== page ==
When Angel and I finished the Cascade Crest 100, in 2013, just a few minutes apart, it felt like accomplishing something impossible and, surprisingly, having fun doing it. We finished, probably not coincidentally, just a few months after I finished nursing school and started a new career - the completion of a transition that had started at almost the exact time we started running, and initially felt as impossible as a 100 mile mountain ultra did to a noob runner, but now just feels like a thing I did.
So much of the spirit of the outdoor community is wrapped up in that idea, and it's so much at the heart of what got us going as a bootstrapping, unfunded startup within that community. It's a place where "Climbing Mt. Everest" isn't a metaphor for some unattainable goal: it's actually something people do. It's maybe something one of your friends has done, even, and they're not that much different from you. Maybe they can give you some beta, and maybe you'll do it some day.
And so, while "the outdoors" is about recreation for so many of us, we also believe that Conway is right on in pointing out that it also teaches that base value for a fulfilling life, that most things people tell you are impossible really aren't.
It's funny that Kristin posted this video to me when she did, because this week's podcast highlights something like the opposite reality: that sometimes even simple things can elude our grasp. But actually, the storytellers, Karly Wade and Angie Sowell, both embody the spirit of resilience and possibility that Southern hippie talks about above, as they've both managed to place outdoor pursuits at the center of their lives despite early and/or repeated missteps. When you have a minute, check out more about these local adventurer's on a new section of this site that Angel's developing called Field Notes.
It's also worth putting in a plug here for our sponsor and friend Seth Wolpin, who we met trail running and who has literally climbed Everest. Through Himalayan Adventure Labs, and working with Nepali locals, he is gathering 5 - 10 people for a fastpacking trip this December on and around Everest, and it sounds like a genuine life-goal epic. There are still spots available and I'm not just trying to sell you by pointing out that it's a surprisingly affordable 18 day trip. Our audience, we think, are just the type of hearty adventurers he's trying to find, so we hope you'll check it out here.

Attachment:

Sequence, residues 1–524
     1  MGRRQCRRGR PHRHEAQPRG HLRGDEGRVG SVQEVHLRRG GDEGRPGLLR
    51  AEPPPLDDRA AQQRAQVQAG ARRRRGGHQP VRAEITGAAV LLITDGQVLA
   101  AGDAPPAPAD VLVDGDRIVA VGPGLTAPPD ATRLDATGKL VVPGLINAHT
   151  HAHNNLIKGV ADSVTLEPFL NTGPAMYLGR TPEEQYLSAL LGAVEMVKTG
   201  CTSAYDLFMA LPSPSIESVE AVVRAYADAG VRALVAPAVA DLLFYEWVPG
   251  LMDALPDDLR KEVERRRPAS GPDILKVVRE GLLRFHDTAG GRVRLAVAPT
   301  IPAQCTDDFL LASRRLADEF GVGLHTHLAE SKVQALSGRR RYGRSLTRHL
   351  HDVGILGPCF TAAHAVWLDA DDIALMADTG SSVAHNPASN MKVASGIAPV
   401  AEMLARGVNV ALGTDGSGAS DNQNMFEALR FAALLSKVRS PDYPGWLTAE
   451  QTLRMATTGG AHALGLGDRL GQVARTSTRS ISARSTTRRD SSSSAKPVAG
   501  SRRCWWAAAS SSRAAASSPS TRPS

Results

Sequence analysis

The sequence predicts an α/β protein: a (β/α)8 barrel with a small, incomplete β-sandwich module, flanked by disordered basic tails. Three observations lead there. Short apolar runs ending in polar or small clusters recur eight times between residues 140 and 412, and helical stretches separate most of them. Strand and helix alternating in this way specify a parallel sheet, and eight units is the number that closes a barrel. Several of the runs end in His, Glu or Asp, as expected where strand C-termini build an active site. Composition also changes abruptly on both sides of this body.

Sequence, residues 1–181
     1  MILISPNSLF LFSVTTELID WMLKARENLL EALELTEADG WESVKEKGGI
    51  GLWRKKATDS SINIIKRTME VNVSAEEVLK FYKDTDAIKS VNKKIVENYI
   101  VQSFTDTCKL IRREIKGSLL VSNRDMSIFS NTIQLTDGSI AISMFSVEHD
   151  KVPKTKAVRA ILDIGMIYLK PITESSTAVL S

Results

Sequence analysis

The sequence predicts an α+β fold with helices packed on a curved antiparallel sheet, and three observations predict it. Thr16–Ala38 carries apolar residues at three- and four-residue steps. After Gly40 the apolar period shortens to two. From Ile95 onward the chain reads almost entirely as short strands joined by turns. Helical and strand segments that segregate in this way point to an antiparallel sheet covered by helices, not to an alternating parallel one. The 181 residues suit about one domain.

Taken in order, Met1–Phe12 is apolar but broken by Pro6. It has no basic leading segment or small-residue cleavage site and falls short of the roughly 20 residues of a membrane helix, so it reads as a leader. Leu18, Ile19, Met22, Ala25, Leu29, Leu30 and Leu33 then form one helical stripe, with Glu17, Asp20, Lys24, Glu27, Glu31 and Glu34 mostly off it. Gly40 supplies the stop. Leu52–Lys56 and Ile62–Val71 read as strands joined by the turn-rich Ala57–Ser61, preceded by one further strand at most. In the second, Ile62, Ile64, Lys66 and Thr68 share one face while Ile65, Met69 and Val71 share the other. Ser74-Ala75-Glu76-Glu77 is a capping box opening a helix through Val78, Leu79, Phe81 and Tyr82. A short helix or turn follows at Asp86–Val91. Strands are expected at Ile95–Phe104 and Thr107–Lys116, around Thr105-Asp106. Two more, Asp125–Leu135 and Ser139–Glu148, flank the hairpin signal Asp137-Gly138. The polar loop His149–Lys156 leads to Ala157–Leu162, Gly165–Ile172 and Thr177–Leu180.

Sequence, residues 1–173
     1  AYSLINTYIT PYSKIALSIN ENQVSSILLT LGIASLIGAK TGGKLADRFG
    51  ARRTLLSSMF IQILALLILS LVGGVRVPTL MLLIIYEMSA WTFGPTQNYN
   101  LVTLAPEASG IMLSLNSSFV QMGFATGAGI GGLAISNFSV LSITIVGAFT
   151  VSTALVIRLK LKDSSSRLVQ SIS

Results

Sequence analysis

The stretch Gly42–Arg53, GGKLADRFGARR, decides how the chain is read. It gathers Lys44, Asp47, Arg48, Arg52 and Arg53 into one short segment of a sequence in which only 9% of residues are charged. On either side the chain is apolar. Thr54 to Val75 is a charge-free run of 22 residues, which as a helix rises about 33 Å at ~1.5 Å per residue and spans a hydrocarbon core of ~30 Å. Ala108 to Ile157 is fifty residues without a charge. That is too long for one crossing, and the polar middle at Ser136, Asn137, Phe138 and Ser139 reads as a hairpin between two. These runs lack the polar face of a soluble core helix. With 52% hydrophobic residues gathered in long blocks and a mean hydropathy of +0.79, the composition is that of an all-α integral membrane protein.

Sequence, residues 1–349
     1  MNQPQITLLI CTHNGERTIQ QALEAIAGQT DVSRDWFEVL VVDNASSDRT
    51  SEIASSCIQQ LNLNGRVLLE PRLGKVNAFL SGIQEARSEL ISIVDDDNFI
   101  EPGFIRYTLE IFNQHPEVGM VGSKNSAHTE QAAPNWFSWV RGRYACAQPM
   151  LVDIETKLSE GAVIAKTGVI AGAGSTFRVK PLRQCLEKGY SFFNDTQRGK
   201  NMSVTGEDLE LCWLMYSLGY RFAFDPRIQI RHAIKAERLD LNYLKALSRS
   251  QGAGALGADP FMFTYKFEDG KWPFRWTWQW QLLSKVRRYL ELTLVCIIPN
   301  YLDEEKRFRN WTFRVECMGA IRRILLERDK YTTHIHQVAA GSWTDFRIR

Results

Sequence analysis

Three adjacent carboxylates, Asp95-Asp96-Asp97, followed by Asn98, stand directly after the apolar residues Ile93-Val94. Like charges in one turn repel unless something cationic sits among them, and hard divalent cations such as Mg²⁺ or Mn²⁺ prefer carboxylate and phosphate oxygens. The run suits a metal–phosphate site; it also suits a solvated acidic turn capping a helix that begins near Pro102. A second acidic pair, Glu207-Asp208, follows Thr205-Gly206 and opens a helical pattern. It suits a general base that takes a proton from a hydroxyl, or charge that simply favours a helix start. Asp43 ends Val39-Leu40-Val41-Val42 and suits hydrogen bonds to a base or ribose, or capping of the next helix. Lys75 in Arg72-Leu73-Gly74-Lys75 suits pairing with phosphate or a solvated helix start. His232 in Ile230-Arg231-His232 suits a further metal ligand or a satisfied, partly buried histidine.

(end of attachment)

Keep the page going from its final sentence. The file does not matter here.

This week's podcast - in my opinion, one of the best we've put out - features two athletes who don't need an engine to cross massive bodies of water.
1. Dean Burke
Dean, undoubtedly one of the best storytellers AND hardest-core athletes in the Pacific Northwest, recently became one of a very small number of human beings to paddleboard across the Straight of Juan de Fuca between the Olympic Peninsula and Vancouver Island during the first stage of the ridiculous and utterly intriguing Race to Alaska. 50-ish miles of just him, a board, a paddle, a bunch of fog, and the open sea. I'm sure we'll be sharing more about that story in the future, because Dean's one of our favorites. For now, bookmark this page for a time when you have about 45 minutes to watch his presentation above about Puget Sound. Guaranteed you'll see Tacoma, WA in a whole new light, and move paddling on Puget Sound to the top of your bucket list!